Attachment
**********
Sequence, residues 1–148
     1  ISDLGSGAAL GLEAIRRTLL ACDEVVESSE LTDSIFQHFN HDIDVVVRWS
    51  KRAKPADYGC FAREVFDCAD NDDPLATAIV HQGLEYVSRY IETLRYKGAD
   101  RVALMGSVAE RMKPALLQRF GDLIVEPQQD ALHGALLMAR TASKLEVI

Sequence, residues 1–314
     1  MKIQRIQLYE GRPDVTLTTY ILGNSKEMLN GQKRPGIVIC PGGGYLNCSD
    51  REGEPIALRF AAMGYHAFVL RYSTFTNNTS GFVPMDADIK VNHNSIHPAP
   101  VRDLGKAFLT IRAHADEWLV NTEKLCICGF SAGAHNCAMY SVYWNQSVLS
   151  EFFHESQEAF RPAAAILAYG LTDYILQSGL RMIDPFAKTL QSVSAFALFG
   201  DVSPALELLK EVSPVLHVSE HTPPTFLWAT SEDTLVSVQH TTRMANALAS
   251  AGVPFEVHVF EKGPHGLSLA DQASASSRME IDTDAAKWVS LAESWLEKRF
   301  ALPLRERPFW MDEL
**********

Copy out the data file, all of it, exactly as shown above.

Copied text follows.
Sequence, residues 1–148
     1  ISDLGSGAAL GLEAIRRTLL ACDEVVESSE LTDSIFQHFN HDIDVVVRWS
    51  KRAKPADYGC FAREVFDCAD NDDPLATAIV HQGLEYVSRY IETLRYKGAD
   101  RVALMGSVAE RMKPALLQRF GDLIVEPQQD ALHGALLMAR TASKLEVI

Sequence, residues 1–314
     1  MKIQRIQLYE GRPDVTLTTY ILGNSKEMLN GQKRPGIVIC PGGGYLNCSD
    51  REGEPIALRF AAMGYHAFVL RYSTFTNNTS GFVPMDADIK VNHNSIHPAP
   101  VRDLGKAFLT IRAHADEWLV NTEKLCICGF SAGAHNCAMY SVYWNQSVLS
   151  EFFHESQEAF RPAAAILAYG LTDYILQSGL RMIDPFAKTL QSVSAFALFG
   201  DVSPALELLK EVSPVLHVSE HTPPTFLWAT SEDTLVSVQH TTRMANALAS
   251  AGVPFEVHVF EKGPHGLSLA DQASASSRME IDTDAAKWVS LAESWLEKRF
   301  ALPLRERPFW MDEL